§ 36. Mr. Barry Jones
To ask the Parliamentary Secretary, Lord Chancellor's Department if he will make a statement concerning the consultations he has been engaged in relating to the Police and Magistrates Courts Bill [Lords].
Mr. John M. Taylor
Since the publication of the White Paper two years ago, 11 consultative documents have followed. The reforms have also regularly been discussed by the Magistrates Courts Consultative Council. The Lord Chancellor has taken careful note of respondents' comments.
§ Mr. Jones
The consultations were cosmetic; the papers stand virtually unaltered. Does the Minister agree that the proposed reforms give the Lord Chancellor swingeing new powers over the justices' clerks, and ultimately, therefore, over the courts themselves? Does he accept that the proposals in the Bill turn back the practice and tradition of many years, and that there are no friends for this Bill? The hon. Gentleman should think again.
I must make it clear to the hon. Gentleman that these proposals leave the accountability of justices' clerks where it has always been: to the local magistrates courts committees, which comprise local magistrates and will be locally administered.
In some senses, the White Paper is not a very original document—almost all these proposals are already in operation somewhere in England or Wales, with no signs of adverse effects: rather the reverse. They are in place because local people have chosen to put them in place.
§ Mr. Boateng
The Minister refers to the local magistrates courts committees. He is well aware that the measure before the other place proposes that the chairmen of those committees should in turn be appointed by the Lord Chancellor. He also knows very well that all parties in the other place, and every Bench up and down the country, have expressed widespread opposition to the proposal, and that the Lord Chief Justice has described it as "chilling".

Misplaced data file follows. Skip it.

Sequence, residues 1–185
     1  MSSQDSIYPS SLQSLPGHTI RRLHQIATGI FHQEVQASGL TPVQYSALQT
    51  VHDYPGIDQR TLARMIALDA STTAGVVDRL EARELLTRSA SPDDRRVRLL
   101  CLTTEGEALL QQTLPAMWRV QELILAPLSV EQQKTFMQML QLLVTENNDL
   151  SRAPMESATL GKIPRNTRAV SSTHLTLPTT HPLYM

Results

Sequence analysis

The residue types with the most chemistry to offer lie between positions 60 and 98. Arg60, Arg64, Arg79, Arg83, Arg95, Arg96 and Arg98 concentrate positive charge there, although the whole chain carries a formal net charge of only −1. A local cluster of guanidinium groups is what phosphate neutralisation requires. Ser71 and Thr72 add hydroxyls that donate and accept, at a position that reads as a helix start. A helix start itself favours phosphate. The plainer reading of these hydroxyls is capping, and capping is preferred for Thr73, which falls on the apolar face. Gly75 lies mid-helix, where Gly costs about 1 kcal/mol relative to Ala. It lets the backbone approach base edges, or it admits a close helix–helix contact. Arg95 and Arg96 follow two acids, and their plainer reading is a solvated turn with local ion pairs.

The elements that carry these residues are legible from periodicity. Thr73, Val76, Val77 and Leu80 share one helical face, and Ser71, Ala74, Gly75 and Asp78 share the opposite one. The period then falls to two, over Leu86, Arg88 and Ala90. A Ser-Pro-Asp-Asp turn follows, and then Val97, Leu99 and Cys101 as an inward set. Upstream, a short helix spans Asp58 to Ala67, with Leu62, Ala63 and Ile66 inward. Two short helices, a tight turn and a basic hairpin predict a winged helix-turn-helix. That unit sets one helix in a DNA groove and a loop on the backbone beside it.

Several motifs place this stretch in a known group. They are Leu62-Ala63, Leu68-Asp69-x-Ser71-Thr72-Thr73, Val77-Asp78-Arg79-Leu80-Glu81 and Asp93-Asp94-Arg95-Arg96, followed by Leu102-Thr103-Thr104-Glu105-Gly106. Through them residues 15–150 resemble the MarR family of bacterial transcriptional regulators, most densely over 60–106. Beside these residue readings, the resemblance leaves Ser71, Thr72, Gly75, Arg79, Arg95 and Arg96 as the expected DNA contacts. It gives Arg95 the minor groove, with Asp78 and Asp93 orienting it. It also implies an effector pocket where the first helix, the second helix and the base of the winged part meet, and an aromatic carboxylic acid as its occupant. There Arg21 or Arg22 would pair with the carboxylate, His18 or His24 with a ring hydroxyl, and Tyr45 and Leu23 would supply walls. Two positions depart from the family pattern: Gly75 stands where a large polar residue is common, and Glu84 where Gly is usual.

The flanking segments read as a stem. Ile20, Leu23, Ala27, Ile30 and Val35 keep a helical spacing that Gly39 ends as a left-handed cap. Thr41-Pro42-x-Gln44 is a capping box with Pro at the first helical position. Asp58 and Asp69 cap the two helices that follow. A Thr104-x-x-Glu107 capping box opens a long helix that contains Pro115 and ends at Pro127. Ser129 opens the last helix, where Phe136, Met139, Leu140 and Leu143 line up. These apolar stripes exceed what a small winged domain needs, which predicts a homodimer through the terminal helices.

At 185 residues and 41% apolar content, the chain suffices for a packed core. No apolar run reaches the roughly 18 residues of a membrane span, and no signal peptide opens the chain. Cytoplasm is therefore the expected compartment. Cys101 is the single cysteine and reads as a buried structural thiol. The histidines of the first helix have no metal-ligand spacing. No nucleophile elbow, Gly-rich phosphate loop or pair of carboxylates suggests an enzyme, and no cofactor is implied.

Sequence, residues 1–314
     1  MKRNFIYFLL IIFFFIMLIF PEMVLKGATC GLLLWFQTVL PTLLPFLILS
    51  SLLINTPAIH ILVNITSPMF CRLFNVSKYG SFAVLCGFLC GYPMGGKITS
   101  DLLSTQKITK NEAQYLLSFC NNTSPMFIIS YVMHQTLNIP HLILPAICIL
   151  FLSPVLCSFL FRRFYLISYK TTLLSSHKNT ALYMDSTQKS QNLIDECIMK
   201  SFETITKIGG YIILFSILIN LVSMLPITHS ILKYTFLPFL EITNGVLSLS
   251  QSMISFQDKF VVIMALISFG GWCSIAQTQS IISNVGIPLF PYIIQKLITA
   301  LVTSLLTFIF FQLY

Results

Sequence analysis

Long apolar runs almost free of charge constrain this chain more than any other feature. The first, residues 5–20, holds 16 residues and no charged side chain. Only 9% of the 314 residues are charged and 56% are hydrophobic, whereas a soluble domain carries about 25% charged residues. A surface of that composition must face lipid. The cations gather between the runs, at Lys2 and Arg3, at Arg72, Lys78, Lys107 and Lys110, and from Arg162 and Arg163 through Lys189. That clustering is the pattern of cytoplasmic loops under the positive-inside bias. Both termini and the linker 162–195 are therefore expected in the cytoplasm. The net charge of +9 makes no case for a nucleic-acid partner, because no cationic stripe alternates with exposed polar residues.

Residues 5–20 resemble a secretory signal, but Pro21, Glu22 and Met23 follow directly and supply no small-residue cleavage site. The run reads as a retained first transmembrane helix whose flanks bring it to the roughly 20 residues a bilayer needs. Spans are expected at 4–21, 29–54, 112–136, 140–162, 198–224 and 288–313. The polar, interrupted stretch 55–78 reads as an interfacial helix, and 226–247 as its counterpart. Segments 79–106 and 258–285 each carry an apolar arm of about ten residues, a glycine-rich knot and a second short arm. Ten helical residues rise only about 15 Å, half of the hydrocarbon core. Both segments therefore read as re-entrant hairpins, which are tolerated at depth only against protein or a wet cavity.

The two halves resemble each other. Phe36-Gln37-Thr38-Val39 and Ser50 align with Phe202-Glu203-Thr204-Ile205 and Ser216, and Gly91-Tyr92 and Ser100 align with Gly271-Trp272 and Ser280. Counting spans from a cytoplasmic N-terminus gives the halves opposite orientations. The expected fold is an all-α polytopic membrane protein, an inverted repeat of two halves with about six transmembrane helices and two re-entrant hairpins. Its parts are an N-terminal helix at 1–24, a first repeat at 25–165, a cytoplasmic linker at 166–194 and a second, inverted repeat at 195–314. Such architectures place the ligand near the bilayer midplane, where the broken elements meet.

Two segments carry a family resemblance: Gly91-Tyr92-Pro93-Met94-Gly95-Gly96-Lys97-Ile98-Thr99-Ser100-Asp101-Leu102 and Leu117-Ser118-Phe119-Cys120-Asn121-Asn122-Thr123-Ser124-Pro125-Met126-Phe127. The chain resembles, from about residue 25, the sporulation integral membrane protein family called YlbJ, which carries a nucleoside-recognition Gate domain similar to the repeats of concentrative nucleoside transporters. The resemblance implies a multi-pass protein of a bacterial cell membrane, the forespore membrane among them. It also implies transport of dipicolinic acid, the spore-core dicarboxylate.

Will the Minister undertake to ensure that the Lord Chancellor thinks again about this measure, just as his right hon. and learned Friend the Home Secretary has had to think again about his?
The Lord Chancellor's mind is open, as was said by the noble Earl Fevers in the debate in another 615 place. The Lord Chief Justice participated in that debate and did indeed use the word "chilling"; but he made it clear that he supports a great deal of the Bill. The proposal that he called chilling is the one for a legal forum—a proposal that came originally from the justices' clerks themselves.
§ Mr. Maclennan
Does the Minister recognise that the decline in standards of public conduct referred to by the Public Accounts Committee appears to be afflicting his Department, which is introducing proposals that are universally regarded by our senior judiciary as resulting in the independence of the judiciary being tampered with by politicians? I refer most particularly to the proposals for justices' clerks. Will the Minister ensure that they are not 'brought before this House?
I am sorry to have to say this twice, but the proposals render justices' clerks answerable to magistrates courts committees—that is where responsibility lies. If the hon. Gentleman claims that the White Paper and the Bill are so friendless, I can only repeat that all these proposals are, as far as I am aware, already in operation somewhere in England or Wales, because local people have chosen to put them there.